The internet is a place that tends to breed anger. It’s a big town square where nearly anybody can be heard, and most people take advantage of that opportunity. For people who make things, like Five Nights at Freddy’s creator Scott Cawthon, it’s a double edged sword. Putting your creative work out there will result in some fans, but also in some detractors. With the release of the 4th, and final, Freddy’s game, the haters seem to have been getting a little louder. Cawthon responded to the criticism on the Steam Community and in doing so he won the internet.
The primary criticism appears to be that the four games in the Five Nights series have all been released in the last 12 months and that Cawthon is just churning out games in order to take the money and run.
In the post, entitled “Make A Difference,” Cawthon takes his detractors to task for criticizing his success. While he has earned some success recently, he confesses that a year ago he was working as a cashier in a dollar store. He admits, and accepts, that his games aren’t perfect. According to him that’s not the point.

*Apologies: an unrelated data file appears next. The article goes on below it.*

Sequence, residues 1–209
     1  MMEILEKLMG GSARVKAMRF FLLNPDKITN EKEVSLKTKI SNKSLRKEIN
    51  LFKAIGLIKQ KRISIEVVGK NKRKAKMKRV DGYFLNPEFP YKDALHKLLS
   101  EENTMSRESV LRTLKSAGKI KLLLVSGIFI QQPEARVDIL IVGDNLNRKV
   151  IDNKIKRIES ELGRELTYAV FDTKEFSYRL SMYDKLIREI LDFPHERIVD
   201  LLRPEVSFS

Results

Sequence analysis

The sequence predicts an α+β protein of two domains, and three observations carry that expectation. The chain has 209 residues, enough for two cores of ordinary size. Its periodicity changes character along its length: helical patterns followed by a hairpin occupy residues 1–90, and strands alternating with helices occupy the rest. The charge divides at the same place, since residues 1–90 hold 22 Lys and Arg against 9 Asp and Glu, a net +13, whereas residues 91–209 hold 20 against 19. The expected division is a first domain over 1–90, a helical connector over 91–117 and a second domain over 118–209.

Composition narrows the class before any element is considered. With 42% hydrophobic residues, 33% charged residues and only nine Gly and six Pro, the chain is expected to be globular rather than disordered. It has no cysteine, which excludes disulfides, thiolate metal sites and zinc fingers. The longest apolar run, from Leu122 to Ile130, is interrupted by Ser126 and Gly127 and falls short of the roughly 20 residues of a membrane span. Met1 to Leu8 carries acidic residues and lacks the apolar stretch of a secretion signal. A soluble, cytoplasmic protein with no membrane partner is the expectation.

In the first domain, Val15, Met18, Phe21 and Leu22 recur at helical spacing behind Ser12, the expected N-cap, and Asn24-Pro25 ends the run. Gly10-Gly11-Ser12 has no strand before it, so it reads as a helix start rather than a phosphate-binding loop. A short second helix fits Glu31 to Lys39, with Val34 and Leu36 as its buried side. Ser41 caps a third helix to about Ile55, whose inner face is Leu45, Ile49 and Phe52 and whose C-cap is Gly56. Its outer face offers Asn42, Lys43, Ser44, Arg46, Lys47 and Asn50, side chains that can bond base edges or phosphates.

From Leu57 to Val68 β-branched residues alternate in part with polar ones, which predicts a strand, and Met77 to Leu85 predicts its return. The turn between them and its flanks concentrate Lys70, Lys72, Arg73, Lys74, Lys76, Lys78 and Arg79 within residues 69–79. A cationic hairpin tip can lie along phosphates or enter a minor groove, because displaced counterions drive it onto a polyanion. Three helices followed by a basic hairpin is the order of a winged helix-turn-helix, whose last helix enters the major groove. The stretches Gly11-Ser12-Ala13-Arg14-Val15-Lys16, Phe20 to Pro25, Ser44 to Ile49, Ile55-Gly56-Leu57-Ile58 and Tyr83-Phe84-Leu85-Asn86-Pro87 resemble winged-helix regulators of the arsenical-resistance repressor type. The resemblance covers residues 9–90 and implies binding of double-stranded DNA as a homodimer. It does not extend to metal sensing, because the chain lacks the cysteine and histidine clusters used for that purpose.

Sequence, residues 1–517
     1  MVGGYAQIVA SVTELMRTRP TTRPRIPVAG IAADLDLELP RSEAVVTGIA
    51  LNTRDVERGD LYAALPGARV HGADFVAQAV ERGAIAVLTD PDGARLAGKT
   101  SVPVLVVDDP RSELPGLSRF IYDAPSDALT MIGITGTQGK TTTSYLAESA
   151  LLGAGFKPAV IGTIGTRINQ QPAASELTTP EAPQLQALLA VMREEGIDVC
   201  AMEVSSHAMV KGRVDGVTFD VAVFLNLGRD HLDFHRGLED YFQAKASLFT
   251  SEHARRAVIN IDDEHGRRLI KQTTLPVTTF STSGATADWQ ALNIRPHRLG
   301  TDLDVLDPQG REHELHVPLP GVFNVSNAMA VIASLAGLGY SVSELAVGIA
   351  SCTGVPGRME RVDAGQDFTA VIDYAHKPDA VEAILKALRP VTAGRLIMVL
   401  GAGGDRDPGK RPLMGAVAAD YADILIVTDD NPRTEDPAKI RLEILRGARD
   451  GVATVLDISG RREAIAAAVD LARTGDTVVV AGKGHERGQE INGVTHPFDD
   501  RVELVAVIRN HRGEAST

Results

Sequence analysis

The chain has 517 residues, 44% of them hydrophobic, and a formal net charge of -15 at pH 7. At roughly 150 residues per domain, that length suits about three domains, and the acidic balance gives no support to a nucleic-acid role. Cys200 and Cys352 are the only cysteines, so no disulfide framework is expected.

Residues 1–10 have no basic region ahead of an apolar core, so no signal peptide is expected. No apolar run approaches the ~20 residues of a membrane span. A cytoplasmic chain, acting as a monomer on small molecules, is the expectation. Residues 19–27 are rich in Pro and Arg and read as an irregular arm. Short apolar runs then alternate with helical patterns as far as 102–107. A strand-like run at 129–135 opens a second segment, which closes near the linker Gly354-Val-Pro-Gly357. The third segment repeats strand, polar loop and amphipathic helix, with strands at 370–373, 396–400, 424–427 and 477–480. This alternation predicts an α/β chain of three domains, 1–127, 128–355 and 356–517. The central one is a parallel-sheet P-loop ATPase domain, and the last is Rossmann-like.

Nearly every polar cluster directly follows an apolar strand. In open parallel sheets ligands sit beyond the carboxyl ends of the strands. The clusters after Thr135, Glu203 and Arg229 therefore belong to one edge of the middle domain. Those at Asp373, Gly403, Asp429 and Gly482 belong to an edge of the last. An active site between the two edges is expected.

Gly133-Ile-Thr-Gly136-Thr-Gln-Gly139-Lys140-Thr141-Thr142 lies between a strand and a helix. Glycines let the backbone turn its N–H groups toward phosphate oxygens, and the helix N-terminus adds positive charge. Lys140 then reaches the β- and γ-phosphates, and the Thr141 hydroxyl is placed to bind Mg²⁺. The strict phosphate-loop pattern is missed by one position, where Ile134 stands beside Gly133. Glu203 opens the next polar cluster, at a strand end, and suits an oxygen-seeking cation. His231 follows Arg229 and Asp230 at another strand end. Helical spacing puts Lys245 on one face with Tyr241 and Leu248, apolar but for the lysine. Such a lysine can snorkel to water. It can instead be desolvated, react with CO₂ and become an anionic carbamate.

But there are a lot of people out there who will hate anything that becomes popular, just because it’s popular, and hate anyone who becomes successful, just because they are successful. “Haters gonna hate.” –as they say, but I want you to know that focusing on someone else’s failure or success is the wrong way to live. People who make videos bashing other people are like people who run into a public square and scream into a pillow. They’ll get attention, but they won’t change anything. If you strive to be like them, then you’ll spend your life screaming into a pillow as well, and your life won’t mean anything.
He spends the majority of the post trying to inspire other would-be creators to take a chance and not let the voices of those who have given up get them down. Cawthon says he wants to play the games created by others in future.
While the Five Nights games have been something of an overnight success it’s important to realize that Cawthon didn’t make them a success himself. People buying the games and playing them (and putting up videos on YouTube of them playing) is what made the games a success.
It’s clear that he appreciates the success that he has achieved, and people love playing his games. While I’ve never understood the appeal of the series, I don’t begrudge anybody their success. In fact, knowing Cawthon a little bit better now, I’m even happier for him now. Read the entire post here.